One might ask, “How can someone turn an old African-American cemetery into a parking lot and shopping center?” Many people in Maryland, including archaeologist Ronald Castanzo, have posed the same question. No one seems to be able to get answer.
According to Castanzo, the land that houses BelAir Edison Crossing Shopping Center in Baltimore, Maryland is also home to an estimated 5,000 bodies. According to the history of how Laurel Cemetery turned into a shopping center, when the owners of the cemetery property, which started operating in 1852, declared bankruptcy and sold the property in 1952, a hundred years after it started operating, the commercial developer who purchased it did not foster much reverence for the bodies that were buried in the cemetery. Once the property changed hands, more than 300 bodies were removed from their resting place, despite the protests of their relatives, and more than 5,000 bodies were left in the ground, which was quickly bulldozed and paved, to make way for a shopping center and its parking lot.
According to modern-day Maryland law, the transformation of Laurel Cemetery into a shopping center and parking lot, without removing and reburying its inhabitants, would not be allowed, if the land were to be sold today. Maryland cemetery law states that a “cemetery” is “land used or to be used for interment.” See MD Bus Reg Code § 5-101(d)(1) (2013) Under this definition, adopted in 2013, Laurel Cemetery would be legally recognized as a cemetery, and thus protected by the rest of the statute. This is important, because only a few sections later, the statute explains that if a ground used for burial is to be sold, the a court needs to approve the sale. See MD Bus Reg Code §5-505(b)(1) (2013) Additionally, once the sale is approved, the court can order the seller to use as much of the proceeds from the sale as is necessary in order to properly remove and rebury the human remains that are located in that property. See MD Bus Reg Code §5-505(b)(2) (2013)
Still, even if Maryland law allowed a cemetery to be sold and paved over in the 1950s without having the bodies moved, it is a shame and a tragedy that Laurel Cemetery and its inhabitants were not treated with dignity and respect; furthermore, it is a disgrace to those buried at Laurel Cemetery and to their relatives that even to this day, so many people are unaware that the land on which the BelAir Edison Crossing Shopping Center stands is home to more than just stores.
It may come as a surprise that the Environmental Protection Agency (EPA) takes a strong interest in regulating the burial of human remains at sea. The EPA exercises this authority under the Marine Protection, Research and Sanctuaries Act. The EPA provides a “general permit” for human burials at sea, whereby notice is given to the EPA after the fact. An application to the EPA in advance of the burial is generally not necessary, but notice must be given to the EPA within 30 days of the burial.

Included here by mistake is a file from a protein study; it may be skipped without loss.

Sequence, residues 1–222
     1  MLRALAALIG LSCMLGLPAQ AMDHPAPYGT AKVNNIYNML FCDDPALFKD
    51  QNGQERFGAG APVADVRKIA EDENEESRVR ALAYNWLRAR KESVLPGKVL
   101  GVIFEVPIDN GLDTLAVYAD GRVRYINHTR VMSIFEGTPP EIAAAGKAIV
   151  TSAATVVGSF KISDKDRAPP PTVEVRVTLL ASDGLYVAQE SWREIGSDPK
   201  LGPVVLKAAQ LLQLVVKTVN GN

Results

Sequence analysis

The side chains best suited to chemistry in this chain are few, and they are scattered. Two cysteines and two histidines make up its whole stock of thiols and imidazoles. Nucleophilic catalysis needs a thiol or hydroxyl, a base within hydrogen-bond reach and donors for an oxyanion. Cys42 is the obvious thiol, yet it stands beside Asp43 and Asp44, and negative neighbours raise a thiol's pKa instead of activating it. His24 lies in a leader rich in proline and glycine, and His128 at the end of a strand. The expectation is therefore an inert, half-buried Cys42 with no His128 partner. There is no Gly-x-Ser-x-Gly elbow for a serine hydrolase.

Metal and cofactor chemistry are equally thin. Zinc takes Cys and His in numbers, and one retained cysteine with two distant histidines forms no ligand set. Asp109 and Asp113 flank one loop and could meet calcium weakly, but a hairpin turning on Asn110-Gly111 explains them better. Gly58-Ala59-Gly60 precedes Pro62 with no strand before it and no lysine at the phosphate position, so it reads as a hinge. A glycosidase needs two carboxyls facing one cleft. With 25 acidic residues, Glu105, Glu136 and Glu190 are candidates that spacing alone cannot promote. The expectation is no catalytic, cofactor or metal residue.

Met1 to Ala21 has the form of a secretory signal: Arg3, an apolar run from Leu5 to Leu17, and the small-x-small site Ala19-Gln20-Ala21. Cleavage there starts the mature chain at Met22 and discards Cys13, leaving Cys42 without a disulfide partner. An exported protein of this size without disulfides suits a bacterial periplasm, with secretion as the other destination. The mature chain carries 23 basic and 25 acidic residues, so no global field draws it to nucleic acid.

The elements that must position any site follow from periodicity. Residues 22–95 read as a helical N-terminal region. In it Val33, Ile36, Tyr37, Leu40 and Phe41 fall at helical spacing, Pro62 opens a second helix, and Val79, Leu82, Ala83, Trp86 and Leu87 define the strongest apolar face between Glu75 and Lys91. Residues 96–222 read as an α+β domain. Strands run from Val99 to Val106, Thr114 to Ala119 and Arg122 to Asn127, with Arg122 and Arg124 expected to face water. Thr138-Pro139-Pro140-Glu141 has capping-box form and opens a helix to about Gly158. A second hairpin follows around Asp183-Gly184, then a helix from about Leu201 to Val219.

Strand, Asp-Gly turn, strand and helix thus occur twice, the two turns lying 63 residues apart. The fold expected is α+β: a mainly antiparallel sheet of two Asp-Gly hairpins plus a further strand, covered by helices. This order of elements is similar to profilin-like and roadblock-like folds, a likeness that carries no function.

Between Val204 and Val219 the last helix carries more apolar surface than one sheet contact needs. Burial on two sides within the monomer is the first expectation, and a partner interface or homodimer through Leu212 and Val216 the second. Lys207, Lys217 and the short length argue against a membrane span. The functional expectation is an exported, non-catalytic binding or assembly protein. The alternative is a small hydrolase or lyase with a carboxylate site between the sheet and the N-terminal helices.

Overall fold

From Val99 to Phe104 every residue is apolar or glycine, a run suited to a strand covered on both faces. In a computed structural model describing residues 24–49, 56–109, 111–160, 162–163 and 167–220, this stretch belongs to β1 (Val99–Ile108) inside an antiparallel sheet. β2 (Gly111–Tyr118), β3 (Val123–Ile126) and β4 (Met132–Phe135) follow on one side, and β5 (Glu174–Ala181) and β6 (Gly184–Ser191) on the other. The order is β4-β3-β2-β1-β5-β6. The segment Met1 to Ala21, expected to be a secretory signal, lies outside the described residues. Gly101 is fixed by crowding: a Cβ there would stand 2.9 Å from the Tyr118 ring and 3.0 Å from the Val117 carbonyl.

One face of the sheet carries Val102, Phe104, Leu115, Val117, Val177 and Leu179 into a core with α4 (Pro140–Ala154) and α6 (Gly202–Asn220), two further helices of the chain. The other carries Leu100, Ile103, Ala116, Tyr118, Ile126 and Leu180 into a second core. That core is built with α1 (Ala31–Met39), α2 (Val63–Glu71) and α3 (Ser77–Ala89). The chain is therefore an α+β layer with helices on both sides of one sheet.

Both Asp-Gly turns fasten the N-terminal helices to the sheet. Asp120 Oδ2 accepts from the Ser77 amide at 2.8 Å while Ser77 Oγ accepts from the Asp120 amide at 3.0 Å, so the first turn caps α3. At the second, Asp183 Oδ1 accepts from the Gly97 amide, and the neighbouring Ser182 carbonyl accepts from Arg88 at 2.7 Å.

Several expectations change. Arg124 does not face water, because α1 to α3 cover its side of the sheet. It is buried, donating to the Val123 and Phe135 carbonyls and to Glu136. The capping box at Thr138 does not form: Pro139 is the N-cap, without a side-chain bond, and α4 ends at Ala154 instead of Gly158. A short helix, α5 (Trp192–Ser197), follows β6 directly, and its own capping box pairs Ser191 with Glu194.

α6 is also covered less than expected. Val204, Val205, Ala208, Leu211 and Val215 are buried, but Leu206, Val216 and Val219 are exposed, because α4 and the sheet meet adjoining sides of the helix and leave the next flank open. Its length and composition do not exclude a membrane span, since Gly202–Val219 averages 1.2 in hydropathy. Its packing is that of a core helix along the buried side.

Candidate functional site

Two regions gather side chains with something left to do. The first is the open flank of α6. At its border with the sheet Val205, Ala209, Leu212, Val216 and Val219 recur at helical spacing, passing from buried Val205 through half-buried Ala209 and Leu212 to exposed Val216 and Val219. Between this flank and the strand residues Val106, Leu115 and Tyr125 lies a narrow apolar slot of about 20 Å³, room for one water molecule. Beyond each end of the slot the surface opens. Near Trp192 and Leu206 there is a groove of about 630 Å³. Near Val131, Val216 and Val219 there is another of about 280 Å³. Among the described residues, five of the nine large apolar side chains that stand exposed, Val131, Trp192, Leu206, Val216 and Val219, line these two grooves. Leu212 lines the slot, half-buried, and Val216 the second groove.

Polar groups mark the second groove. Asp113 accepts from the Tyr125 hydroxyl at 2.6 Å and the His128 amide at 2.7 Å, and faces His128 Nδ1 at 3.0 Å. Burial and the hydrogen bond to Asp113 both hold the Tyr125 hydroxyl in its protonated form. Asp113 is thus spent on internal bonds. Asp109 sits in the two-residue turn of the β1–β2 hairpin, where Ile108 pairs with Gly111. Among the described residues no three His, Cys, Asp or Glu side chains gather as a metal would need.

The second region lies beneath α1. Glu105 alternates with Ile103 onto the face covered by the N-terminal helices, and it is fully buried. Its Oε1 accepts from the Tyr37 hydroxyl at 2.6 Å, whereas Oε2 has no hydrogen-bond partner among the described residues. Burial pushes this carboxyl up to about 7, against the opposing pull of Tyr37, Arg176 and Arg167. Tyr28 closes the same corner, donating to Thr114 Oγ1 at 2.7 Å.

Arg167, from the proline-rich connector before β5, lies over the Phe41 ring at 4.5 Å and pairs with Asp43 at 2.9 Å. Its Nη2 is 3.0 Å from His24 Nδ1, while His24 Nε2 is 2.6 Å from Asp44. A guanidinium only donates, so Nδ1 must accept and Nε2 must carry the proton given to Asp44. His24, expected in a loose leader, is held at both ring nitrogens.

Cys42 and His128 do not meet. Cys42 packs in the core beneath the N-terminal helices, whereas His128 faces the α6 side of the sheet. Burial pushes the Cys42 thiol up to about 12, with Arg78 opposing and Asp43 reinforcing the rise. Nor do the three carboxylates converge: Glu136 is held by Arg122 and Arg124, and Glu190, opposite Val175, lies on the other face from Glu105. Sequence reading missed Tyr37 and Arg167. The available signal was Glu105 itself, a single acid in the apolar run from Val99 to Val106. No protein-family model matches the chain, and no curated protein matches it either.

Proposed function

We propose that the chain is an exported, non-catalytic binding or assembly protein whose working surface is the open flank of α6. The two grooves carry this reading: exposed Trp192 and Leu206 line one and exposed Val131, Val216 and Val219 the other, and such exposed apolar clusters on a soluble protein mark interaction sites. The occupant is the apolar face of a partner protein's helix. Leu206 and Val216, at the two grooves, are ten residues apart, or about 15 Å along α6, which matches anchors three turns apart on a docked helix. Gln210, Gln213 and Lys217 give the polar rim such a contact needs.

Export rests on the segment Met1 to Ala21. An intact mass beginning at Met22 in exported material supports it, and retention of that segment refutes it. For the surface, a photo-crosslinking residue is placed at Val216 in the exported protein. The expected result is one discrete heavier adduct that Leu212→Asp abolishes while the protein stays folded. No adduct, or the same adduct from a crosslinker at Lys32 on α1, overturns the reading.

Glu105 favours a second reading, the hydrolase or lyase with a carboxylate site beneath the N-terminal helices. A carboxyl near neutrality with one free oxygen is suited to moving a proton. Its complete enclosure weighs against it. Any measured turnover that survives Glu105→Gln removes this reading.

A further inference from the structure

Some common-sense requirements to comply with the general permit are that the burial must be conducted outside of three nautical miles from shore and be performed without accoutrements like plastic flowers, plastic caskets, or other materials “not readily decomposable in the marine environment. . . .”
Under the general permit, pet ashes, pet remains, and other animal remains are not permitted as such remains are not authorized by 40 CFR 229.1. Furthermore, pet remains and ashes cannot be mixed with human cremated remains.
As environmental awareness continues to increase and the rates of green burials continue to rise in the U.S., it will be interesting to see whether the U.S. follows the way of China, a country with a rich history in traditional burial methods that has chosen to go all in on eco-friendly burial methods, or to not provide any incentives to increase the rate at which eco-friendly burials take place.
According to a recent article on XinhuaNet, green burial areas, such as flowerbeds, trees or lawns inside traditional cemeteries, as well as scattering ashes at sea, now account for more than 20 percent of the total funeral services in larger Chinese cities like Beijing, Shanghai, Guangzhou, and Shenzhen. In Beijing alone, eco-friendly funerals accounted for 44 percent of all burials last year.
The Chinese government aims to raise the ratio of green burials to more than 50 percent nationwide by 2020, and at least 24 provincial governments have introduced measures to promote green burials. For example, in the city of Wenling, in China’s Zhejiang province, people aged 70-80 years old get monthly payment from the civil affairs bureau, and additional compensation every decade, for choosing a burial-at-sea option instead of in a coffin.
As funeral directors in the U.S. continue to rethink their approach to eco-friendly burial methods it will be intriguing to see if city, state, or any federal agencies provide incentives to eco-friendly burial methods as China has done in recent years.